The Flutes of Ecuador, great legacy

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¡Así Kotama! The Flutes of Otavalo, Ecuador features an Andean indigenous flute tradition unlike any other. It is the soundtrack of a success story that defies globalization, steers tradition in a new direction, and revitalizes a musical practice that was once considered obsolete. The joyful, multigenerational Kichwa flutists of Kotama village in the historic municipality of Otavalo play, chant, and dance their way into a future that upholds their deepest values and customs. 62 minutes, 40-page booklet with bilingual notes and photos.”

“For centuries, villagers in northern Ecuador celebrated weddings, harvests and other special occasions with songs played on flutes made from a bamboolike plant known as carrizo.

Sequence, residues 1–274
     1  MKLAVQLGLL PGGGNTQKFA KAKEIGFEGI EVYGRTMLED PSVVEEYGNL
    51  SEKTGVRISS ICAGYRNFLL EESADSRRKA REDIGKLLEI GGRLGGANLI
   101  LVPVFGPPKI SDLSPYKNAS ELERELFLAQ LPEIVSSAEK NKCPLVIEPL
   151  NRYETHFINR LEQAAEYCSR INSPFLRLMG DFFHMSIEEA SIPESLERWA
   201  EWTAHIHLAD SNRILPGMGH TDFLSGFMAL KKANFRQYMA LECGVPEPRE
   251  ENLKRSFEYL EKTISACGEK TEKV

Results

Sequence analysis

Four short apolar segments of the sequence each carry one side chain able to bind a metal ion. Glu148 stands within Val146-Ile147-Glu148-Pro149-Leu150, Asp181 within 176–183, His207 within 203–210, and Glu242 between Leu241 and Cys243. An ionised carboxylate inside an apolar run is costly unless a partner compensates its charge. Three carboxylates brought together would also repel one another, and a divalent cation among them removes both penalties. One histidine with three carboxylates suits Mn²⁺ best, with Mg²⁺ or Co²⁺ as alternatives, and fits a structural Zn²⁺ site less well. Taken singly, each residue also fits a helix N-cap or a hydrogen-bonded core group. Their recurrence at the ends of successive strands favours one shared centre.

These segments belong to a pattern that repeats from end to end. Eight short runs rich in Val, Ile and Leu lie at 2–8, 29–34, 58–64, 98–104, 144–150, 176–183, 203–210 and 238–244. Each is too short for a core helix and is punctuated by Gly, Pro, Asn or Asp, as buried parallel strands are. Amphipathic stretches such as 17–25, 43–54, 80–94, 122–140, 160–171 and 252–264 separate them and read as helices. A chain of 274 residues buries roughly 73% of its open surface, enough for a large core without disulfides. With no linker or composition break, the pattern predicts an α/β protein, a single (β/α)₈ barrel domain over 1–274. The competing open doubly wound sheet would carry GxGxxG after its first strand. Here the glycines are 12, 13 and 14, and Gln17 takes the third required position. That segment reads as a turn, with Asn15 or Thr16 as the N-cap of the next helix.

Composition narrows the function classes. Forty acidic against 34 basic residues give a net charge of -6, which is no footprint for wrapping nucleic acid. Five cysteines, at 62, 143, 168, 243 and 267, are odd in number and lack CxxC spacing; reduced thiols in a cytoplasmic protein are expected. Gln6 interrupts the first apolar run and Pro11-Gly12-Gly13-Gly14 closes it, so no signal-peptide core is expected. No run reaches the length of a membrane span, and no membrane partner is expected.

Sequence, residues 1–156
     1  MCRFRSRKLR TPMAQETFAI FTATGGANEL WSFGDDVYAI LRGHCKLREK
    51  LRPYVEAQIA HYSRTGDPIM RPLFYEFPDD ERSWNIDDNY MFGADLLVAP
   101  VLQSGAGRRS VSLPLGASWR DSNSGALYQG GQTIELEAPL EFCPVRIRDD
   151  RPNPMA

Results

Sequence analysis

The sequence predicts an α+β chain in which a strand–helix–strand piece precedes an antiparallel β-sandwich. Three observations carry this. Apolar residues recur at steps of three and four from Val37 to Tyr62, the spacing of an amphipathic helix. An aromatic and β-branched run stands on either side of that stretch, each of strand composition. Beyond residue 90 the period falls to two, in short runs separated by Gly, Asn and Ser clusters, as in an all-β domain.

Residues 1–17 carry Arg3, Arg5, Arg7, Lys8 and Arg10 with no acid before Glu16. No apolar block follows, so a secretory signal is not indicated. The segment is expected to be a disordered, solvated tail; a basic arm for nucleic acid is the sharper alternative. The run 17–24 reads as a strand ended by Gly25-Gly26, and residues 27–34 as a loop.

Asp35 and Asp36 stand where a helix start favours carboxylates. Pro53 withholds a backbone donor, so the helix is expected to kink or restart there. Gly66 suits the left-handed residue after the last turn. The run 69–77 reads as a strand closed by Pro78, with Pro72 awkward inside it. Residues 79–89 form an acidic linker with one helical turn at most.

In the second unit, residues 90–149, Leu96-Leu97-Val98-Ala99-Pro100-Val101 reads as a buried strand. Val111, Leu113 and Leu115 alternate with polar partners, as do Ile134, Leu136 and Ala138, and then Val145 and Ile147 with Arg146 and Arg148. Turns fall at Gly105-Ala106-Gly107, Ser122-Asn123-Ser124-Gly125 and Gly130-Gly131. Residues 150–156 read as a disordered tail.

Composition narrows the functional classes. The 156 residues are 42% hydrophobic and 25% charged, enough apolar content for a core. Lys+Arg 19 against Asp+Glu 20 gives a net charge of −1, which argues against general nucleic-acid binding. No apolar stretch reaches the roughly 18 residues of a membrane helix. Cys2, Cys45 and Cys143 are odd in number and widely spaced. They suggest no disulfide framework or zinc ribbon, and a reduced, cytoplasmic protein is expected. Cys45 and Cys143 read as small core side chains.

Globalization and a cholera outbreak in the 1990s that killed many local people, flutists included, nearly stopped the music, but not in the town of Otavalo, where master flutists founded the Hatun Kotama Flute School so they could pass on their musical legacy.

¡Así Kotama!: The Flutes of Otavalo, Ecuador, out now on Smithsonian Folkways Recordings, showcases 36 performances by the school’s teachers and students. The musicians sing, stomp, blow cow horns and play a variety of other local instruments to create music that is rhythmic and cyclical, anchored by steady beats and call-and-response vocals as the flutes spin dissonant melodies.”

Listen to the Hatun Kotama – Flutes of Otavalo, Ecuador

For more information, and to purchase ¡Así Kotama! The Flutes of Otavalo, Ecuador, visit: